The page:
Tourism has long been recognized as an important economic development tool, generating revenue and jobs for the Texas economy. Tourism in Texas is a $57.5 billion industry, and visitor spending in the state directly supported 529,000 jobs in 2010.
The State of Texas provides funding to state entities to support and facilitate the growth of the state’s tourism industry. These entities conduct a variety of tourism related activities that fall into four distinctly different, yet complementary, functions that are essential for achieving an effective statewide tourism effort: marketing, product development, program development and customer service. The overall goal of the state’s tourism effort is to generate travel to and within Texas.
These tourism related activities are performed by five primary state agencies. Since 2003, the Texas Commission on the Arts, Office of the Governor Economic Development and Tourism, Texas Historical Commission, Texas Department of Transportation, and Texas Parks and Wildlife have worked under a formalized Memorandum of Understanding (MOU) to improve coordination of statewide tourism marketing efforts. As a result of the MOU, a joint strategic tourism plan is produced each year, providing the most efficient and effective expenditure of funds while establishing goals and objectives and the development of a joint measure of return on investment. The major vehicle used to market out-of-state tourism is the advertising campaign Texas. It’s Like A Whole Other Country. ®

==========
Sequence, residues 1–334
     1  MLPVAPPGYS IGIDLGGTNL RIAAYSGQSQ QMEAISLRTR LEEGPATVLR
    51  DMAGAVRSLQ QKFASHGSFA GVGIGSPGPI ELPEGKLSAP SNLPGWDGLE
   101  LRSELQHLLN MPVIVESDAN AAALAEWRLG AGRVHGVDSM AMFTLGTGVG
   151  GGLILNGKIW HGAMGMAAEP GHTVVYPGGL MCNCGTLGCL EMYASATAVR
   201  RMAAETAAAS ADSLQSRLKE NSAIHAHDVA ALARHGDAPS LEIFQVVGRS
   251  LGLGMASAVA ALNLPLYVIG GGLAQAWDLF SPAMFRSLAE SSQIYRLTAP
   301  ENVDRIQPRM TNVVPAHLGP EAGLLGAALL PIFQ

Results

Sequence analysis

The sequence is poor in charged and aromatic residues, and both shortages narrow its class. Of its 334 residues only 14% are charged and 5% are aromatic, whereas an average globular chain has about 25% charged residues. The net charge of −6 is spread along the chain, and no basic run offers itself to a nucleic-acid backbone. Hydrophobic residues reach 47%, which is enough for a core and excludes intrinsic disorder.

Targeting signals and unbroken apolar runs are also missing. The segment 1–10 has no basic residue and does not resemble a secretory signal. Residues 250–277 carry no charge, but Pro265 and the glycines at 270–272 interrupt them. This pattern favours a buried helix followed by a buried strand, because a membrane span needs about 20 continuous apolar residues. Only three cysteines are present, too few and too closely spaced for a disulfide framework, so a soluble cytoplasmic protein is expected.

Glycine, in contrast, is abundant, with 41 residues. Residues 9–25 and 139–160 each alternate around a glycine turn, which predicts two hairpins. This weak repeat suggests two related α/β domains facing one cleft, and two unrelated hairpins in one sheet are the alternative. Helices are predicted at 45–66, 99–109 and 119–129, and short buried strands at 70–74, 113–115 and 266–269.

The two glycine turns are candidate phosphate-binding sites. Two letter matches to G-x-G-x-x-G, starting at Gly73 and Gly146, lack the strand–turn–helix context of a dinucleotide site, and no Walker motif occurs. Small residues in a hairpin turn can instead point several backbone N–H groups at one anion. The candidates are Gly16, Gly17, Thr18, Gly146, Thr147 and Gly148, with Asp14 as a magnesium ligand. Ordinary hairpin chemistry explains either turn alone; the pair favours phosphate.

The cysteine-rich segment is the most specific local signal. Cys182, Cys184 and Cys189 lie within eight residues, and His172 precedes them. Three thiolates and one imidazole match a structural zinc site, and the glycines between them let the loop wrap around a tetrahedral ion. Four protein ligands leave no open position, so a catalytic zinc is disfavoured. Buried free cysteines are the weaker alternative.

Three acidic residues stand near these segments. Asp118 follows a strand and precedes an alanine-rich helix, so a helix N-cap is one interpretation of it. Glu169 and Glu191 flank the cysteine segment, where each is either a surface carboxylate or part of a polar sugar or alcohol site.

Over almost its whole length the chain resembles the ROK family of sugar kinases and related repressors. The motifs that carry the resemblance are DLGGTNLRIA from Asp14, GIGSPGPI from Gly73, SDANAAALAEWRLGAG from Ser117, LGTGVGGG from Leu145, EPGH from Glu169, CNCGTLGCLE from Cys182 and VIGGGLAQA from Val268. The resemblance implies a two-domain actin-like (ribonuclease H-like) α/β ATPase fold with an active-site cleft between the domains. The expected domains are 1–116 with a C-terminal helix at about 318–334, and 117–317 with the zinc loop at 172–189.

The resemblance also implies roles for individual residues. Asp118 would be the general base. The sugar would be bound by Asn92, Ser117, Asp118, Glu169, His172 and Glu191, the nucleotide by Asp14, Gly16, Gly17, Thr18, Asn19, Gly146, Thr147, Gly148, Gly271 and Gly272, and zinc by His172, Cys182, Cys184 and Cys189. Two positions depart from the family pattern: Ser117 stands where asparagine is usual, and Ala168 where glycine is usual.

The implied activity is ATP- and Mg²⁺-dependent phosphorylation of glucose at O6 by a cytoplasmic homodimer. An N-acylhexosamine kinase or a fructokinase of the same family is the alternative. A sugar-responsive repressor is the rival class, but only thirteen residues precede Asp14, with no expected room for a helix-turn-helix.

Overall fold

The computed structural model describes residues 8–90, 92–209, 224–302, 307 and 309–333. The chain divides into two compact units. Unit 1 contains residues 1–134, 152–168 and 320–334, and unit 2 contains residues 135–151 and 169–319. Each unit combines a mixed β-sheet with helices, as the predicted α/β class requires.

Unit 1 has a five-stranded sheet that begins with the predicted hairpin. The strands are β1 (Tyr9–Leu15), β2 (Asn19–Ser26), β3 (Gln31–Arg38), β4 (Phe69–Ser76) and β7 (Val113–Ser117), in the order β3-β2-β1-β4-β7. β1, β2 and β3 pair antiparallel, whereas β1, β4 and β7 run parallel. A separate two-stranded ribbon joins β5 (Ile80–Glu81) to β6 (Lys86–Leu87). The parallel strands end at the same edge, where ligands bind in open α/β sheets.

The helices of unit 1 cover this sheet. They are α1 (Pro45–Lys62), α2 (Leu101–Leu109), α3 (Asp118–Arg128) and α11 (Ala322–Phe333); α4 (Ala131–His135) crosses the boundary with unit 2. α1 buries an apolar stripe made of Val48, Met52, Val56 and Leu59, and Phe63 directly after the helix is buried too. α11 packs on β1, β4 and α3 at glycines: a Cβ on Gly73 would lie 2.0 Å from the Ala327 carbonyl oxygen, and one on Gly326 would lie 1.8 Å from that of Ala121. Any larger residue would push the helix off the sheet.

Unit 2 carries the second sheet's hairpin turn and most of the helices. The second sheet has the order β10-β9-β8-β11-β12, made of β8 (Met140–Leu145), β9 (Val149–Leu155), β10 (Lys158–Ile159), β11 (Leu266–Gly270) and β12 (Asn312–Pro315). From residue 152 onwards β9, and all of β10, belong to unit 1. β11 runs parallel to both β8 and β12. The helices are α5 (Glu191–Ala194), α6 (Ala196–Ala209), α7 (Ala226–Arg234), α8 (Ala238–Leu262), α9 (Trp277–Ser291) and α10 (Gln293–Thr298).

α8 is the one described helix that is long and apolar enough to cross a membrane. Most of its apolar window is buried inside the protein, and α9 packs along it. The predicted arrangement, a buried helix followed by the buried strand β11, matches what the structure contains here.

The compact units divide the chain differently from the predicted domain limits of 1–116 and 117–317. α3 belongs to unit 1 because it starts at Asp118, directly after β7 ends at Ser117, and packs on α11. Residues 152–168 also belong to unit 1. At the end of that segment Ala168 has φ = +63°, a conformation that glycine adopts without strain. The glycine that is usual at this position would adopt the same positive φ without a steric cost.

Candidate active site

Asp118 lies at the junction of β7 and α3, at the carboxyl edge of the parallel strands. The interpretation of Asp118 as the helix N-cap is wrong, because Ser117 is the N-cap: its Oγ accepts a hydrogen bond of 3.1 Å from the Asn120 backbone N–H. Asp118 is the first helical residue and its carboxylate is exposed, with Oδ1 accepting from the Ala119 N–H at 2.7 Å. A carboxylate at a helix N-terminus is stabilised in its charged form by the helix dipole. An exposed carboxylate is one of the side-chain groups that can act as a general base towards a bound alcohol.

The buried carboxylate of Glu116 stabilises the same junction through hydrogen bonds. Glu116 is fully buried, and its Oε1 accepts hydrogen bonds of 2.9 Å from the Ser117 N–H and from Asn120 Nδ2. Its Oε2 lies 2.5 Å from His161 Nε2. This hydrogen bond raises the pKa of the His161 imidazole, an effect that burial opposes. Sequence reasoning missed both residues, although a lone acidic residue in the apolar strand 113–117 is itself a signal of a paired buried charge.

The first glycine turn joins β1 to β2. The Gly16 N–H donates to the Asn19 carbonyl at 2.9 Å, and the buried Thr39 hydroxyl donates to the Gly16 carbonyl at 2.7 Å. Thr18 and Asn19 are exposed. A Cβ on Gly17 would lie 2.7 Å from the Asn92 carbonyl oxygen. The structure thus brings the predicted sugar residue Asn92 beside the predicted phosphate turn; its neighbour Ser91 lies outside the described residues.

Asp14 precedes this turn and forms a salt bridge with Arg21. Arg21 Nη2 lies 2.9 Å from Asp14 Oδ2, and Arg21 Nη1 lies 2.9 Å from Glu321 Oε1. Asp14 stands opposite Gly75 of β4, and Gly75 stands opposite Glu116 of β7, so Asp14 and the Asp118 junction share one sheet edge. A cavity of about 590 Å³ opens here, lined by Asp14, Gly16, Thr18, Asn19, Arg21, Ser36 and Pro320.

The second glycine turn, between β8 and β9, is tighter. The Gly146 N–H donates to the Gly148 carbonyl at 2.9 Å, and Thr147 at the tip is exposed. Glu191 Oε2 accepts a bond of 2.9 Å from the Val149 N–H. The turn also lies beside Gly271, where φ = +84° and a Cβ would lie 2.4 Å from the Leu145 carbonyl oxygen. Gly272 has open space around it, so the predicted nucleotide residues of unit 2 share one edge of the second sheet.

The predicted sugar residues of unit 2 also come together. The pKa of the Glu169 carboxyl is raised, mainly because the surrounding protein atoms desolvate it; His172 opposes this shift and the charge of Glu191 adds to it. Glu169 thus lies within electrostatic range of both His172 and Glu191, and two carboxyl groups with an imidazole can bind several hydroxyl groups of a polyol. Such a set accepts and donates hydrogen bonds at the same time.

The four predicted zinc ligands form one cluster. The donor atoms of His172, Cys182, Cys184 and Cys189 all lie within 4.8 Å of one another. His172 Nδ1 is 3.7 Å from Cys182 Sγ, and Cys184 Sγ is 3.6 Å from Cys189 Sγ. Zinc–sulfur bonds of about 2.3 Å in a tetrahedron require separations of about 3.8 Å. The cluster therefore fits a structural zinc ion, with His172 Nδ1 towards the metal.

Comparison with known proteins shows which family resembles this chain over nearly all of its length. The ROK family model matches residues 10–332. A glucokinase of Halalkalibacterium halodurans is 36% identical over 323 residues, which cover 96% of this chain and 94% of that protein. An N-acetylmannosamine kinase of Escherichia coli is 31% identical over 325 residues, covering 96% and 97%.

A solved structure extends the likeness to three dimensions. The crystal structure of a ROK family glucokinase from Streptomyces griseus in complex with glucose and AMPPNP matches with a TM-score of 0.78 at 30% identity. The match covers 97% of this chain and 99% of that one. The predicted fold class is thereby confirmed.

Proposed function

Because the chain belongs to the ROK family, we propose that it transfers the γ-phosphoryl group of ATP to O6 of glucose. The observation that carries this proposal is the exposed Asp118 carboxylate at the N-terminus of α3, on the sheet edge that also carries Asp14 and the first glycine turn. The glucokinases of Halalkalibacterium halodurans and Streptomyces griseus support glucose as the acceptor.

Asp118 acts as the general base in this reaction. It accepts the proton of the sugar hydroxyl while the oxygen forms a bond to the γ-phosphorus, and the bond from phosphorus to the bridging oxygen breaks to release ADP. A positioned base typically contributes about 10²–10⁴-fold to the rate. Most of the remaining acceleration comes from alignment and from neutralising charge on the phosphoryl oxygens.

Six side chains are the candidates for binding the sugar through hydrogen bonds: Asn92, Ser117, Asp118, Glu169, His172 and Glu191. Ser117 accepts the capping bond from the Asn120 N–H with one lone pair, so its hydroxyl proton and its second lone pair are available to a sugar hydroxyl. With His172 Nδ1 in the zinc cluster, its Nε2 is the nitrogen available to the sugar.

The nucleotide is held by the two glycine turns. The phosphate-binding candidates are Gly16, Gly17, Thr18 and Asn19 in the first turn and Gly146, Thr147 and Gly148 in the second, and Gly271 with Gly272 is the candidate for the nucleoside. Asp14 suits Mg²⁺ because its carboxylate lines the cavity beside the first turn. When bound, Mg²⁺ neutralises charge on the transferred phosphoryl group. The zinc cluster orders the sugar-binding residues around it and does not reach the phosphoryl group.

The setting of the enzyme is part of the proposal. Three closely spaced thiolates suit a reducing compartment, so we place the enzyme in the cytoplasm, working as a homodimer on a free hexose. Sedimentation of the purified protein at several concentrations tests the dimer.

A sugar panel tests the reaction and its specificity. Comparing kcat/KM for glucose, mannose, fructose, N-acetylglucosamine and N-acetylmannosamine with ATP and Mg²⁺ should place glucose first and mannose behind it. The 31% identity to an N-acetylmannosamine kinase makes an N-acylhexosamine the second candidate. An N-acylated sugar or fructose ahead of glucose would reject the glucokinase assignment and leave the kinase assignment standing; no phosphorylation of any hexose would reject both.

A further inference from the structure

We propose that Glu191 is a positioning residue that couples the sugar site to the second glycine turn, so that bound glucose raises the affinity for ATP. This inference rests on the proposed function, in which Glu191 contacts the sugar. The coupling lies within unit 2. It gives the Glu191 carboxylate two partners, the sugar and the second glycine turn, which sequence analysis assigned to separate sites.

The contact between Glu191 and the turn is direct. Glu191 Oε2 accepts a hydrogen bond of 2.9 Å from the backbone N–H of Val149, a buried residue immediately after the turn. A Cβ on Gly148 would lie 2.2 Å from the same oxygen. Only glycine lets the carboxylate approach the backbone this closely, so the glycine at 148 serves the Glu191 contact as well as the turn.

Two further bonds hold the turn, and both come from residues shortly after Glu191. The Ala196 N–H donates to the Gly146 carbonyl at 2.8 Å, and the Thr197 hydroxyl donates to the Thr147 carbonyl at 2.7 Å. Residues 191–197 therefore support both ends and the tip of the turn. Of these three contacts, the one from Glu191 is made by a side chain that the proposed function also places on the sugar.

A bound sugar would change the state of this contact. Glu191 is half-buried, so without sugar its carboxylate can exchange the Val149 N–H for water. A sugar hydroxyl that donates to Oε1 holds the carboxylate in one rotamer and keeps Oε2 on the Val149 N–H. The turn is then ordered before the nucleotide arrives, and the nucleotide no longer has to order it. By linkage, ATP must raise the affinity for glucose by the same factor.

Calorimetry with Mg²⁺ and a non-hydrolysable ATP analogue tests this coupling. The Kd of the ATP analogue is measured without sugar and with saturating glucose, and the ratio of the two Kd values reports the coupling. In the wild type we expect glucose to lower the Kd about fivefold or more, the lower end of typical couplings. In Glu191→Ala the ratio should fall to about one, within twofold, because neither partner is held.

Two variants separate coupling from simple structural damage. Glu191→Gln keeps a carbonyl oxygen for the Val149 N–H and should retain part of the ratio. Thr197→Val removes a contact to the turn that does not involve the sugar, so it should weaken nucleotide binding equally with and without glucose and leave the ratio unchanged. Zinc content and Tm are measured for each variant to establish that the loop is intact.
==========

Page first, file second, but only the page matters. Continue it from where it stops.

TCA’s primary tourism activity is the continued development and support of arts and cultural institutions and programming throughout the state of Texas. TCA plays a significant role in tourism product development resulting in high-quality arts and cultural destinations that attract visitors within Texas, nationally and internationally.
TCA officially designates Cultural Districts in Texas. These districts can be found in all sized communities from small and rural to large and urban. The impact of cultural districts is measurable. The arts attract residents and visitors who support businesses as well as lodging and dining establishments. Having the arts present enhances property values, the profitability of surrounding businesses and the tax base of the region. Cultural districts boost urban revitalization and serve as an economic engine for communities by creating a tourist destination.
Several other state entities play a role in tourism development and promotion but are not part of the five-agency MOU. These include Texas A&M University; Office of Music, Film, Television and Multimedia; Texas General Land Office; Texas Department of Agriculture; Texas Department of Public Safety; and the Texas State Preservation Board.